Reviewer #1: This is an important article. Although the topic is quite specialized, the application of a methodology normally applied to the Middle Ages to a neglected early modern topic is a useful tool for further investigation of less documented subjects.
Reviewer #2: The author’s argument is unoriginal and uninteresting. There is room for a retelling of the story, but this piece of writing is not it.
As medievalists, our scholarship and self-esteem are to a large extent governed by Reviewer #2. Or rather, they are shaped by an entrenched system of abstracts, standardized book proposals, peer review, impostor syndrome, and desperate self-scrutiny in hopes of avoiding that Reviewer #2. In the course of writing a medieval history book aimed at a popular market, however, I (and my self-esteem) fell headlong into a rather different process. After my earlier post concerning my book, How to Slay a Dragon: A Fantasy Hero’s Guide to the Real Middle Ages (Tiller Press, 2021), some readers expressed interest in hearing more about the process of producing a pop history book.
A small disclaimer: I cannot adequately compare the scholarly and popular processes, unfortunately, because I am currently working on my first academic book proposal, also unfortunately. Nevertheless, I hope that my experience can prove helpful and even hopeful—if I can make it through this process, so can you.
Relieved that academic conferences might be dwindling in the Zoom era? I was actually approached by a representative from Tiller Press (a Simon & Schuster imprint) after an in-person conference panel on Internet public history. It was not an open-ended conversation, however: she had a specific book for me to write, a coffee-table volume on people of color in medieval Europe. Since everyone wants to write that book right now, I was eager to set up a later meeting to discuss the possibility.
I decided in the meantime that such a book really needed to be written by a junior scholar of color, and I am white, so I thought the meeting was going to be short. Instead, now was the time the editors on the other end of the call asked me what I would like to write. Sure, I have plenty of ideas—but I did not have a practiced elevator pitch for any of them. I stammered out several, and miraculously, they jumped on A Fantasy Hero’s Guide to the Real Middle Ages.
Well, “jumped on” meaning I would have to prove the viability with a book proposal.
The Book Proposal
Fortunately for us, this bears some similarity to the academic version, except with a far stronger focus on potential sales. The publisher wanted:
1. A short abstract: a 1-2 sentence publicity blurb to entice readers quickly.
2. A long abstract: 250ish words in which to:
(a) describe the premise in more depth
(b) explain that the book would be based on proper primary and secondary sources
(c) present the desirable “P crossed with Q crossed with R” description of the contents (in my case, “Rejected Princesses meets Lords of the Rings meets TV Tropes”)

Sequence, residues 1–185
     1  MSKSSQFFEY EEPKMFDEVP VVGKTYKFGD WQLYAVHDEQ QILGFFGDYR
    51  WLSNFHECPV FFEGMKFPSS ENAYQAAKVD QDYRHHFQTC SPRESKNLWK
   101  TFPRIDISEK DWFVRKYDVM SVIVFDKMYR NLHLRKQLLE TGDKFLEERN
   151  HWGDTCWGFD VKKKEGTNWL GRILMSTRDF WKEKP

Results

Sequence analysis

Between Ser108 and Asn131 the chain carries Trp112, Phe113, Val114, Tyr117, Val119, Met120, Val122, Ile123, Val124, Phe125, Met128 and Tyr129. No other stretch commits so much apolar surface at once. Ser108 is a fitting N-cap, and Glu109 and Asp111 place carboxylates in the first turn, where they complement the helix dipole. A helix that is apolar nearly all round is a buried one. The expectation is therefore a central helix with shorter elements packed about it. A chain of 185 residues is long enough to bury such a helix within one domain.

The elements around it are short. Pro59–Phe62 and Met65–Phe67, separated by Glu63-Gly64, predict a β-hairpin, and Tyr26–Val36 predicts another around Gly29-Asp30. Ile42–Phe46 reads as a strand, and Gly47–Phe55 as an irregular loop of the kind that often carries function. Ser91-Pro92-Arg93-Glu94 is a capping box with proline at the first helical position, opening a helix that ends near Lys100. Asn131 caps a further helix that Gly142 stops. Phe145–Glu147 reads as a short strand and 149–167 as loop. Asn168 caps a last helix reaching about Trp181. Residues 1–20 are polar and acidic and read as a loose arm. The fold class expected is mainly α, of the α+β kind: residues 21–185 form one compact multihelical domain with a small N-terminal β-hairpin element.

(d) set out the probable audience
(e) justify its current relevance (its gender- and race-inclusiveness, in light of Internet discussions)
(f) finish with an “awesomeness” factor (“How to Slay a Dragon reveals a Middle Ages far more outrageous than any fantasy fiction could hope to be.”)
3. An author profile
4. A projected outline
5. Multiple sample chapters
Fun fact: only one of my three sample chapters made it into the book.
This was—and remains—the hardest part for me. If you think you struggle with impostor syndrome when submitting an article, imagine how it feels when your contract mentions royalty shares from the potential sale of audiobook rights and other people being hired to write a sequel. I know to say that may sound like I’m bragging, but trust me, all I feel inside are knots around my heart and maybe a little nausea. So please be aware before you start the process of writing and publishing a pop history book: it’s not a matter of “pick a manuscript illumination to plop on the cover, contact the archive, and get the rights.” Your editor is going to mention “cover art” and “hiring an illustrator,” and your job is to not panic.
I was not good at this.
Writing and Editing
Rather than deliver a full book and then revise it wholesale, my editor (the wonderful Ronnie Alvaredo) required me to work in pieces. The nature of my premise means my book has around forty short chapters, and she set up a schedule for me to submit three new ones or three revised ones at a time. She also asked me to start with a few chapters that I thought might make good advance chapters to show the sales team and potential corporate buyers. No pressure! So I was always revising other chapters as I was writing new ones.
Another important factor for medievalists to keep in mind is that we are the experts, not the editorial team—not just in terms of information, but in terms of how medieval as a field works. I lost count of how many times I had to explain, “We simply don’t know exact dates or a location and also the author’s name is probably a pseudonym.”
The Best Part
There is no Reviewer #2.
The Worst Part
That means you have to be your own.
PhD in Medieval Studies
University of Notre Dame